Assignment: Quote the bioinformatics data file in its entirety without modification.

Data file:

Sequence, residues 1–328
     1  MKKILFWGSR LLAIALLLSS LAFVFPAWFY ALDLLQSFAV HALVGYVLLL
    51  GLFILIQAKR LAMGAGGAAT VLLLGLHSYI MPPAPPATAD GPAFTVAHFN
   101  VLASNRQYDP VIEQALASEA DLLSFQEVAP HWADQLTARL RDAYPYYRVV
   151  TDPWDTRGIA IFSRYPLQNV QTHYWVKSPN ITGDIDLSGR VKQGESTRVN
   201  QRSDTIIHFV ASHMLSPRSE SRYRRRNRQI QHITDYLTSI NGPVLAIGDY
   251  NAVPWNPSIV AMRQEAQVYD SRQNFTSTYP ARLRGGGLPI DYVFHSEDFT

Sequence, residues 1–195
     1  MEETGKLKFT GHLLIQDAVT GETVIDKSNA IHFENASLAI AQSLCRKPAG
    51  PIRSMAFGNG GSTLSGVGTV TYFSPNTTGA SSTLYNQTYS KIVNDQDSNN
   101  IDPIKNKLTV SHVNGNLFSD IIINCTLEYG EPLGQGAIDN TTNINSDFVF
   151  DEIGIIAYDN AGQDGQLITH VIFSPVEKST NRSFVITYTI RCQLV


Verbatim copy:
Sequence, residues 1–328
     1  MKKILFWGSR LLAIALLLSS LAFVFPAWFY ALDLLQSFAV HALVGYVLLL
    51  GLFILIQAKR LAMGAGGAAT VLLLGLHSYI MPPAPPATAD GPAFTVAHFN
   101  VLASNRQYDP VIEQALASEA DLLSFQEVAP HWADQLTARL RDAYPYYRVV
   151  TDPWDTRGIA IFSRYPLQNV QTHYWVKSPN ITGDIDLSGR VKQGESTRVN
   201  QRSDTIIHFV ASHMLSPRSE SRYRRRNRQI QHITDYLTSI NGPVLAIGDY
   251  NAVPWNPSIV AMRQEAQVYD SRQNFTSTYP ARLRGGGLPI DYVFHSEDFT

Sequence, residues 1–195
     1  MEETGKLKFT GHLLIQDAVT GETVIDKSNA IHFENASLAI AQSLCRKPAG
    51  PIRSMAFGNG GSTLSGVGTV TYFSPNTTGA SSTLYNQTYS KIVNDQDSNN
   101  IDPIKNKLTV SHVNGNLFSD IIINCTLEYG EPLGQGAIDN TTNINSDFVF
   151  DEIGIIAYDN AGQDGQLITH VIFSPVEKST NRSFVITYTI RCQLV